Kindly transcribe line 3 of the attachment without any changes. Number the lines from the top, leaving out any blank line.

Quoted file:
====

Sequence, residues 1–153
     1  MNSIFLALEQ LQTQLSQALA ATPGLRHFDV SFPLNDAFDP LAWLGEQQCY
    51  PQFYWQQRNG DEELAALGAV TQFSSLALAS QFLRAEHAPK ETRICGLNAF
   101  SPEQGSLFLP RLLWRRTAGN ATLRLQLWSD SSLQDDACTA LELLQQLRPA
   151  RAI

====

    51  PQFYWQQRNG DEELAALGAV TQFSSLALAS QFLRAEHAPK ETRICGLNAF